Ontario Considering Single-Use Plastic Ban
Ontario, Canada, is considering regulations that would ban single-use plastics, such as shopping bags and bottles, in the province. Its Ministry of the Environment, Conservation and Parks has released a discussion paper providing details on the actions and commitments related to waste that were outlined in its Made-in-Ontario Environment Plan and is seeking public comment.
Ontario’s government notes that it generates nearly a ton of waste per person every year and the province’s overall diversion rate of waste into recycling programs has stalled below 30 percent over the past 15 years. One area highlighted in the discussion paper is plastic’s part in the province’s waste, noting that almost 10,000 tons of plastic debris enter the Great Lakes each year. In particular, the paper looks at single-use plastics and asks Ontario residents their thoughts on whether a ban would be effective in reducing plastic waste.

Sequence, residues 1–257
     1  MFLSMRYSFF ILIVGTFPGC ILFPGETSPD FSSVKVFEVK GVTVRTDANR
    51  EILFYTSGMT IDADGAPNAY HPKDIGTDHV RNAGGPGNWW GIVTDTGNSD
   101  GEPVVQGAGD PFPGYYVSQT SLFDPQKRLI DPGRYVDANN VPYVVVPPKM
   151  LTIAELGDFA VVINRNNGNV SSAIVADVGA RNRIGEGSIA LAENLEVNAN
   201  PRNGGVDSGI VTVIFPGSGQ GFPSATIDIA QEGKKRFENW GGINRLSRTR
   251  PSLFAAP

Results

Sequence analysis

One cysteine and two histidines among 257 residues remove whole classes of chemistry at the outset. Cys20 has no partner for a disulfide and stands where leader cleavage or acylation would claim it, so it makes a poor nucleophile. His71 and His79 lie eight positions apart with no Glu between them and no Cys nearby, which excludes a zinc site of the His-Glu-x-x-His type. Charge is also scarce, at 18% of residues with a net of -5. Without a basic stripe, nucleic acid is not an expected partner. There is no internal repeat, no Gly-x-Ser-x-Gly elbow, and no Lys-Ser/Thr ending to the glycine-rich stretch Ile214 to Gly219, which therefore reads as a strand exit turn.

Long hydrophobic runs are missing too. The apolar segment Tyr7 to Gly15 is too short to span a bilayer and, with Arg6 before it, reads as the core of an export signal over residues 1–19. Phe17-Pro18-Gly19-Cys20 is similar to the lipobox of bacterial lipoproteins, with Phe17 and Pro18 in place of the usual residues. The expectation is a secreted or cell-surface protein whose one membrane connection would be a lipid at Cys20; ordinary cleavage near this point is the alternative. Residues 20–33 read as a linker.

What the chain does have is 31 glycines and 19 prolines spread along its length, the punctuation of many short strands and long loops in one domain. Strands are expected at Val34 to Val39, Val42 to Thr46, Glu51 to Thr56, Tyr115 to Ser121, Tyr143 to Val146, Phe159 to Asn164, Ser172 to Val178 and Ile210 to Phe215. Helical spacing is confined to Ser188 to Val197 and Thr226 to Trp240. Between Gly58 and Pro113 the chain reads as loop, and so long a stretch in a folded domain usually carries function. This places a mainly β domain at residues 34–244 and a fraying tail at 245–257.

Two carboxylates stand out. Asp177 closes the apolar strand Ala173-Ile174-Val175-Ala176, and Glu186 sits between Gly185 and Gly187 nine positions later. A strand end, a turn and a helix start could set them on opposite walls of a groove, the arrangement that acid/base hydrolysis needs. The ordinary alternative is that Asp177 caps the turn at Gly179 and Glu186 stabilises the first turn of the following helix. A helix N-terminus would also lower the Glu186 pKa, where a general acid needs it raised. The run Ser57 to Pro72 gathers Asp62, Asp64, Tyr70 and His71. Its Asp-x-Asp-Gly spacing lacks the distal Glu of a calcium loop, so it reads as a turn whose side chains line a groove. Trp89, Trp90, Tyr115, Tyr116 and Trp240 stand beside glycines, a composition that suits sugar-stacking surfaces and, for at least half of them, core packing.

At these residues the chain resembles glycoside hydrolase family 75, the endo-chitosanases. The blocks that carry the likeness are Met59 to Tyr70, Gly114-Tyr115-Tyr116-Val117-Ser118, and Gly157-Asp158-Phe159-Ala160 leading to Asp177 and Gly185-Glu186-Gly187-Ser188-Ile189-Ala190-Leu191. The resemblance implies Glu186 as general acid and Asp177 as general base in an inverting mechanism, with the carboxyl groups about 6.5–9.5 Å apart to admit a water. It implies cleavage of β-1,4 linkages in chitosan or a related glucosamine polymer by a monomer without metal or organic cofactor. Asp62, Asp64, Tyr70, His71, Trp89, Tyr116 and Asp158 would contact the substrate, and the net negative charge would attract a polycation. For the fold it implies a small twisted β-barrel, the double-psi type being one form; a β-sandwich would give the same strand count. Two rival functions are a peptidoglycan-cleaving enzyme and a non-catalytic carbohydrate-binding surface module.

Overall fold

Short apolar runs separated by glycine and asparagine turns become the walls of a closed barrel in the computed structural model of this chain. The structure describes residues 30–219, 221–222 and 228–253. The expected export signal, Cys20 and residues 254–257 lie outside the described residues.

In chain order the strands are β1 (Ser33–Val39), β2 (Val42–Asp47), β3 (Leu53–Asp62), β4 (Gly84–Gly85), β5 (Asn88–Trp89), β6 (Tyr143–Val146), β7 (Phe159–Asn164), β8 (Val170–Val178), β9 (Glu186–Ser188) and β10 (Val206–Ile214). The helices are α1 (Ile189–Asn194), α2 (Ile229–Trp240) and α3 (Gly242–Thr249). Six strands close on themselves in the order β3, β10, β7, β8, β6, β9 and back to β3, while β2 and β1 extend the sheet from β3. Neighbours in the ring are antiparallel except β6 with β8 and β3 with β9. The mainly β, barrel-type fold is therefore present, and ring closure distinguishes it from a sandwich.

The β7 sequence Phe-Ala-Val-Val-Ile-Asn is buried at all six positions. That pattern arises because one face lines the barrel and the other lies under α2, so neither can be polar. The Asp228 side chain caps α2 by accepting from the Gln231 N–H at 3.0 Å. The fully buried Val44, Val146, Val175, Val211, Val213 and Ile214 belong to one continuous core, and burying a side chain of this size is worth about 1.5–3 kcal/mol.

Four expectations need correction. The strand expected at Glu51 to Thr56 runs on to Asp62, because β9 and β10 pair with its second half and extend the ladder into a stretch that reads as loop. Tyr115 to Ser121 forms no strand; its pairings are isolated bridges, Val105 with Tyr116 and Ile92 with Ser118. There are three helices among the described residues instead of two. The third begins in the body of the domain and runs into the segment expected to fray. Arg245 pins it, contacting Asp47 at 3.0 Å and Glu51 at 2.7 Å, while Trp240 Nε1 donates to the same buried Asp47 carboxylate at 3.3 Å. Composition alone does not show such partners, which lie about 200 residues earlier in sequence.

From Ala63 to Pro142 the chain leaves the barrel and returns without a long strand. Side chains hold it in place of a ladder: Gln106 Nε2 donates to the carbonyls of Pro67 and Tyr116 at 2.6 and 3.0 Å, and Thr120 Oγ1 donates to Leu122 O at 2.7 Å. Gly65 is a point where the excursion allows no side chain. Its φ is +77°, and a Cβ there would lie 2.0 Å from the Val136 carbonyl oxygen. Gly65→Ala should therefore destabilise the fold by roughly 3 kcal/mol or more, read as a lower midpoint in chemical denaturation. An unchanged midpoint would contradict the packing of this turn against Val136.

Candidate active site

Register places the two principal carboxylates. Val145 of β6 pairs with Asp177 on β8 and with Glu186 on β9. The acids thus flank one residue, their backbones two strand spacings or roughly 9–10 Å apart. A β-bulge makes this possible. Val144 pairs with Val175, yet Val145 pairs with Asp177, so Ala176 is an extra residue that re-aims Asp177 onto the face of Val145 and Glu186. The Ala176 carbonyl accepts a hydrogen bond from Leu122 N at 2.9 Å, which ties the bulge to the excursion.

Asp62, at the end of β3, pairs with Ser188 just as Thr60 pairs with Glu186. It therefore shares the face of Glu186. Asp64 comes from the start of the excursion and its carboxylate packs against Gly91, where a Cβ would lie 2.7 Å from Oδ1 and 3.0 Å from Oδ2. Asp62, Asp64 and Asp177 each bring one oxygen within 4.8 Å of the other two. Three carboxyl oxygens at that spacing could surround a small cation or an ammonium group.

Speaking to the Toronto Sun, Ontario Environment Minister Rod Phillips says, “We are essentially saying, ‘How would those work and how have they worked in other jurisdictions effectively?' Plastics is a priority from our government’s point of view, particularly as we talk about plastics in our waterways.”
For more information on Ontario’s plans regarding litter and waste, the full discussion paper is available here.